Macau: City of Dreams

GALAXY MACAUThe latest addition to the Cotai is the $2 billion Galaxy Macau, a 5-star, 5-casino resort whose motto is “World Class, Asian Heart.” It’s three truly Asian hotels: the 1,500-room Galaxy, the 248-suite Banyan Tree and the 480-room Hotel Okura. They share palatial rooftop cupolas tipped with enough gold to cover 87 soccer fields, all rising around a third-floor, 43,000-sf wave beach.

“We emphasize resort here, not just gaming,” says Jane Tsai, marketing manager. “We’re trying to increase the time that groups spend in Macau.”

That “beach,” with its 350 tons of white sand, helps. The busiest pool we see—filled with boogie boarders—is one of six pools on the property.

Meanwhile, the 136-acre development continues to unfold. A 9-screen Cineplex opens in November, and there are already over 50 bars and restaurants specializing in every possible cuisine.

“As Macau becomes the entertainment capital of the world, we’re leading the charge,” says Tsai. Overall, the Galaxy is an over-the-top, upscale party and entertainment hotel. A bevy of Miss-Universe-style beauties greet arriving guests, and a thunderous floor show features a 40-foot wide diamond stage rising from a fountain as a symbolic offering of prosperity for all.

For planners, the 430-pax Grand Ballroom at the all-suite Banyan Tree caters to groups seeking refinement and prestige. The Indonesian-based spa resort is so luxe that every suite contains a relaxation pool. They also have two wall-lit conference rooms that manage to look like red velvet while being thoroughly business-like.

At the Okura, six banquet/meeting rooms are models of Japanese restraint, with enchanting first-class service.

Our group has a blast sampling the sumptuous food. At Sukazuki Sake Bar, a sake sommelier takes 20-pax groups on tasting tours through some of their 50 sakes. At the 130-pax Yamazoto Restaurant, the elegant tea master Shirai Yayoi lead us on a tea ceremony that’s like a trip to another time, all in a glowing white, other-worldly globe. The 68-pax Macallan Whiskey Bar and Lounge—the only one outside Scotland—is stocked with over 360 whiskeys and a roaring Edinburgh-style fire. And boy, they love their tasting parties.


We stayed on the verdant edge of the peninsula at the 213-room Mandarin Oriental Macau, a stunning 5-star boutique that opened in 2010. The Mandarin Oriental exudes urbane sophistication while offering real respite to guests. Rooms are large and elegant, with iPod docks and espresso machines. Massive marble bathrooms have hydro-massage showers and separate baths with views of the Pearl River Delta. Twice-a-day housekeeping shines shoes on request, leaves yoga mats for a morning stretch and drops off an afternoon snack.

Planners get a truly elegant 3,400-sf ballroom whose floor-to-ceiling windows show off the waterfront to perfection, plus two meeting rooms and a 653-sf boardroom for EVP confabs. Do book private dining at the elegant 108-pax Vida Rica Restaurant—especially the Chef’s Table for 12-16, connected to the kitchen for demos. The very creative chef Dirk Haltenhof clearly loves deconstructing and interpreting traditional Portuguese, Macanese and Chinese dishes. We actually wrote home about the fruit-cured lamb.

Dirk’s Vida Rica breakfasts are a culinary world tour. The omelet station, yogurt vats, airy croissants, fruit stores, and cereal alone would please anyone. But homemade jams were rosewater infused, the miso soup stand delish, the trays of dim sum fresh and photographable. And then comes the soup station. We add Chinese cabbage, wontons and noodles into an aromatic broth to make a gorgeous, warming meal as we gaze on the South China Sea, fortified to tour Macau all over again.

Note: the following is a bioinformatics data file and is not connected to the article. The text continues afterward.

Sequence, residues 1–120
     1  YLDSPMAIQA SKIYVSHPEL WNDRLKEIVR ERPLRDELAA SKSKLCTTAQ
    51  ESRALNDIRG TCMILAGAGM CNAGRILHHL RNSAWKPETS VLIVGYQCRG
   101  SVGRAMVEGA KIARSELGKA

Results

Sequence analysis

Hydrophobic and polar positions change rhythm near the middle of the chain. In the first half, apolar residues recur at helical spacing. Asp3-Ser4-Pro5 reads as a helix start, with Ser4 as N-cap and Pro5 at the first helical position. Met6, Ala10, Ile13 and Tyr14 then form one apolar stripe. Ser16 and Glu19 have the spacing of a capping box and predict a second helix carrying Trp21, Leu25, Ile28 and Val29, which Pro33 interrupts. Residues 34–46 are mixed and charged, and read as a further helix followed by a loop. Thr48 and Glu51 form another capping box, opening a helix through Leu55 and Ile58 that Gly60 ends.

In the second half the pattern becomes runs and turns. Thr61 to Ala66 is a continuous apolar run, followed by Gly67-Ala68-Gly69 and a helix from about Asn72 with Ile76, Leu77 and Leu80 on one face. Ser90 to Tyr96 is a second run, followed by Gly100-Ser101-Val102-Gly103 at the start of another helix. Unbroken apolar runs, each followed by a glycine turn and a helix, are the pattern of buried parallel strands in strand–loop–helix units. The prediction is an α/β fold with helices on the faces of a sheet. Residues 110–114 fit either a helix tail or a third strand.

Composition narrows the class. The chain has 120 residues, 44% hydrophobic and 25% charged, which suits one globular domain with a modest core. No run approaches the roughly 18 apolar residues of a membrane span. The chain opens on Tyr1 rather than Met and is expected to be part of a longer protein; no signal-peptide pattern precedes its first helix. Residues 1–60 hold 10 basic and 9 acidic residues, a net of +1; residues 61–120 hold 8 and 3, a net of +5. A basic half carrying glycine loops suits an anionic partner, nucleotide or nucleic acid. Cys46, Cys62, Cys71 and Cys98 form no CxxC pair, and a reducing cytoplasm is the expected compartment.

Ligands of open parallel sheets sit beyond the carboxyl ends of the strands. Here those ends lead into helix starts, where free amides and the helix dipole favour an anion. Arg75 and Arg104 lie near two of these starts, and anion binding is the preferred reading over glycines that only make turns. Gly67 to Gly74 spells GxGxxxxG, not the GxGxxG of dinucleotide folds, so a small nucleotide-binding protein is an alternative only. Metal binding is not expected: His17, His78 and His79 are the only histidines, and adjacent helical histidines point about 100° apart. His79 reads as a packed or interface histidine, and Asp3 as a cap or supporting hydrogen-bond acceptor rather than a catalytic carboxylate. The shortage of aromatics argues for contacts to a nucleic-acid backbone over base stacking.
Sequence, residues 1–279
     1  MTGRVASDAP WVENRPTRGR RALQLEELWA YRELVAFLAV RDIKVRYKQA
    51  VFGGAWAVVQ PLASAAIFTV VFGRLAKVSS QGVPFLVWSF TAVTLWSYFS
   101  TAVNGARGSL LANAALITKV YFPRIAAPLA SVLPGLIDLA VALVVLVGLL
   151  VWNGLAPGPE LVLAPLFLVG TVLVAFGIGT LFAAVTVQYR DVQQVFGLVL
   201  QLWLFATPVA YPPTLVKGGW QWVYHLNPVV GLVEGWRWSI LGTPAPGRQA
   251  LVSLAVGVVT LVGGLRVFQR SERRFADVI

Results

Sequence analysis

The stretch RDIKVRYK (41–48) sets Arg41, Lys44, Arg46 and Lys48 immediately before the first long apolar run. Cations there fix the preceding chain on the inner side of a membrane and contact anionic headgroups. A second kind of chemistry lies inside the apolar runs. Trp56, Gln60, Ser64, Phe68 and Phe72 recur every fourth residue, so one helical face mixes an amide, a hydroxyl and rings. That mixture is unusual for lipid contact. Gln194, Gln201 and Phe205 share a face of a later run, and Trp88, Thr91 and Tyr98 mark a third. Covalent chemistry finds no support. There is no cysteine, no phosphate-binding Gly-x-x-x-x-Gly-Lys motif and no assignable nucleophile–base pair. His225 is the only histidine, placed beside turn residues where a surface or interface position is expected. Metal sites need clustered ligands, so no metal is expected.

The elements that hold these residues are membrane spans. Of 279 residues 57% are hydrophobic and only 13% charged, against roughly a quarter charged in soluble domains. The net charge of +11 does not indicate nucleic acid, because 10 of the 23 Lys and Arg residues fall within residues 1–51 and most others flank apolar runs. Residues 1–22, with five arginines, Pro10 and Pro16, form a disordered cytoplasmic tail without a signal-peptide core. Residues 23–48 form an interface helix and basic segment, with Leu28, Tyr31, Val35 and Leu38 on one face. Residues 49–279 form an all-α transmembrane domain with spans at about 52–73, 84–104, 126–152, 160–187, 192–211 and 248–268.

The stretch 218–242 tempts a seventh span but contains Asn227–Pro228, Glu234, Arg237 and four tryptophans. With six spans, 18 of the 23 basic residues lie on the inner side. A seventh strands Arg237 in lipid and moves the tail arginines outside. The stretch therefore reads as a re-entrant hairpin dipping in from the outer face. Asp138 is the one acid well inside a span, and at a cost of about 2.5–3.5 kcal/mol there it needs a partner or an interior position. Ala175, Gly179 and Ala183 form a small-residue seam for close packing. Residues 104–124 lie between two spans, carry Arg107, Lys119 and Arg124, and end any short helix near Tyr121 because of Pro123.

Macau’s bling isn’t confined to the Cotai. For downtime, planners take the troops on a simulated tour through the riches of Europe. In Macau’s Portuguese-built historical city center on the main peninsula, pastel-shaded Neoclassical buildings look like Lisbon. Much of this area forms a UNESCO World Heritage site, which is popular for educational group tours.

Most irresistible: The stone façade of St. Paul’s, the first Catholic church in China, built with help from exiled Japanese Christian stonemasons. Rising on a hilltop—the sides and rear were destroyed in a fire long ago—it looks like an elaborate stage set for a movie about the expansion of Western civilization. And seemingly, amid the crowds, there’s almost always a bride and groom being photographed at the scenic spot.

“The main peninsula is so rich in beauty and history that Macau gets more interesting the more people explore,” says João Sales, spokesperson for the Macau Government Tourist Office.

Make sure to breathe in the fragrant incense at the A-ma Temple, dedicated to the Taoist goddess of seafarers for whom Macau is named. Dating from before the first Portuguese landfall in the early 1500s, the Taoist temple weaves Buddhist deities and more ancient animistic spirits into its four levels of prayer pavilions—just more evidence of multicultural Macau.

The dining options are outstanding, offering within a historical context: African chicken, curried vegetables, spicy noodles and those fab egg tarts! And the authentic Portuguese restaurants are famous with Hong Kong daytrippers, so we spend our last night in town on the thoroughly Euro-village streets of Taipa Island.

Michelin-recommended Antonio Restaurant offers a zesty array of seafood and chouriços (sausage), with fresh bread and plenty of refreshing vino verde, the classic Portuguese wine. The swashbuckling Antonio himself is on hand looking like a happy pirate, preparing his famous crepes flambé on a stove before our table, then using a sword to open our champagne.

With all of the glamorous infrastructure and pampering pursuits here, there’s still an energized spirit of exploration and global intrigue coursing through the veins of the Macanese.